February Scion Exchange & Parking notice

STAR education, which kindly grants us the use of their facilities for our meetings, is hosting its own large event this Saturday.  We will be there also, but parking will be more of a challenge than usual.  Please be patient and polite.

As we begin the countdown to our annual scion exchange, check out the CRFG Golden Gate Chapter’s amazing website about theirs.

http://www.crfg.org/chapters/golden_gate/scionex.htm

It includes critical inf on how to prepare scion wood as you go about your winter pruning;   and how to determine the appropriate scion wood  to seek from others.

As a corollary to this,  we have a forum page entitled Scion, Rootstock and Plant Exchange where some members have begun posting what they will have to offer come February and also what they would most love to find on the scion table.   Since the poor little forum has been mostly neglected, I am also going to copy the posts here as Comments.  Please feel free to add your own comments, desires and potential prunings either here or in the Forum.  If you are having any trouble getting approval to do so, just contact me under the contacts tab above (I’m Ronni the Webmaster).  The Spam Filter is occasionally over zealous.

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7 Responses to February Scion Exchange & Parking notice

  1. From Glen Woodmansee:
    “Lady Williams” apple: anyone have cuttings?
    http://adamapples.blogspot.com/2009/05/pink-lady-cripps-pink.html
    “Pink Lady” is actually a brand name for the Cripps Pink variety, a cross of Golden Delicious and Lady Williams, from Western Australia .
    Kevin Hauser, June 17, 2009, says: I’ve grown to like one of the parents of Cripp’s Pink, Lady Williams. It has a dense, sugary sweet-tart flesh, and is red with a characteristic verticle white stripe on one side of the apple. It ripens mid-February here in Southern California .

    http://www.cloudforest.com/wiki/Lady_Williams

    Jun 2011

    I have Lady Williams growing here in Santa Cruz . It blooms late, and ripens in February. It’s truly delicious and loves our long growing season. I highly recommend this apple to anyone in California ; it should do well pretty much everywhere, even coastal Southern California starting near Ventura . It might struggle a bit in the mildest coastal zones of San Diego , but even there, it might do alright.
    Flavor and tasting notes: The yellow flesh is very firm, crisp and juicy with an excellent sugar-acid balance. Tart if picked too early but mellows to perfection if left on the tree until February. Stores better if picked before leaf fall.
    Sounds interesting! –Glen

  2. I have a Robada apricot which much to my astonishment and despite its high-chill rep, did astonishingly well for me in Santa Monica on 20th Street, or about 1.5 miles from the ocean. I will be pruning that, a Flavor Delight aprium, a Red Baron peach, and an Arctic Star white nectarine. These all bore well this past year or about 15-18 months after planting. Since they are still settling in, I can’t vouch for the relative deliciousness… especially re the peach and nectarine which were totally stripped by the squirrels.

    I also have a Granny Smith apple but am not too thrilled with it so far and am looking for scionwood from Flordahome pear specifically, as well as any other pears and apples that are doing well for you.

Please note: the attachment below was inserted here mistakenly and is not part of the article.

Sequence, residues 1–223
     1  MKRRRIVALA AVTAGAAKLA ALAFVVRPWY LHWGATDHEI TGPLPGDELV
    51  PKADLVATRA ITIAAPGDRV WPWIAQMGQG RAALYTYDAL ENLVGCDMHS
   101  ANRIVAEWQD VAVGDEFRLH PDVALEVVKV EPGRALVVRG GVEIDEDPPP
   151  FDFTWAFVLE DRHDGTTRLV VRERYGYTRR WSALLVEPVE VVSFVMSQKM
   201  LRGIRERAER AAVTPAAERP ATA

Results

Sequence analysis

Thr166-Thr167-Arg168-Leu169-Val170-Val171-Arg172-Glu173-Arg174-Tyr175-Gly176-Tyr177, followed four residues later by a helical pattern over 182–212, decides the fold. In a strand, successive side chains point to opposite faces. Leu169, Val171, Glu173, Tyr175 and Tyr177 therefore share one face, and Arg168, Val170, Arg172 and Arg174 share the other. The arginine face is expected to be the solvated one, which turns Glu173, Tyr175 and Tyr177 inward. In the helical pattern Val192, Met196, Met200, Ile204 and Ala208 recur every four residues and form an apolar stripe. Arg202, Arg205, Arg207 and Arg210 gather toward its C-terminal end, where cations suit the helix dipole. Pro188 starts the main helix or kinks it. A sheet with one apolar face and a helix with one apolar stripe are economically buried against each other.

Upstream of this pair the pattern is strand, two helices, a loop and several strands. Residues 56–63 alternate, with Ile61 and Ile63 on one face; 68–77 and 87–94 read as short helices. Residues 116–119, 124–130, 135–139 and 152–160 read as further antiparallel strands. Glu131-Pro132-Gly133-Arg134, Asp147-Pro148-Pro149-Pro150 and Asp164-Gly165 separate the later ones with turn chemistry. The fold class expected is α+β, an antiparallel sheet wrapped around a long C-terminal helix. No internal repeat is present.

• From JBClem: I would very much like to have some Robada apricot scionwood when you prune your tree. I have two older apricot trees that could use some new blood. I’m also interested to know exactly how you prune your apricot tree(s), it’s not very obvious to me when I look at these two trees of mine. I have a very young Flordahome pear tree, and I don’t think it has enough branches yet to want pruning…but if I do find something to trim, you can have the wood.

  3. jbclem says:

    I seem to have been dropped from the mailing list so I’m not sure when the Jan meeting is (has it passed?). I usually can’t get there before 11am, and since the move(20 minutes further away) I’ve missed all the meetings I’ve known about. So a discussion afterwards would be best for me.

    I’m keeping an eye out for Floridahome scionwood, but so far none of the websites (that sell scionwood) have that variety. There are some scion exchange forums where you could also look (Yahoo Groups, and Cloudforest Cafe are the ones I’m familiar with).

    About Granny Smith, from what I read, the fruit doesn’t get sweet until Jan or Feb. The ones sold in markets must be picked in the fall since they are usually on the sour/tart side.

    John

    • John, I’m mystified about your being dropped from the mailing list. I’ll check with Margaret/Hal. But if you check out the Next Meetings heading on this site, you’ll see you’re in luck because January’s meeting… next Saturday… has been moved to 2 in the afternoon and is at Bruce’s house in BH. I don’t know if the location is easier or harder for you but in any event I’m hoping the time is better. Per Bruce, we will be talking about pruning so you can definitely bring up your apricots.

      The scion exchange is Feb 9 and will be — so far anyway — at the usual time of 10.

    • Also, thanks for the efforts on behalf of my poor snapped-off pear branch. I did contact Nick Botner who is famous for his heritage fruit trees but whose farm is on the market right now so no one seems to know if he’ll actually be selling scionwood this winter.
      I’m going to check out the LA Chapter’s scion exchange this Saturday (10 am) also to see if anyone brings some.

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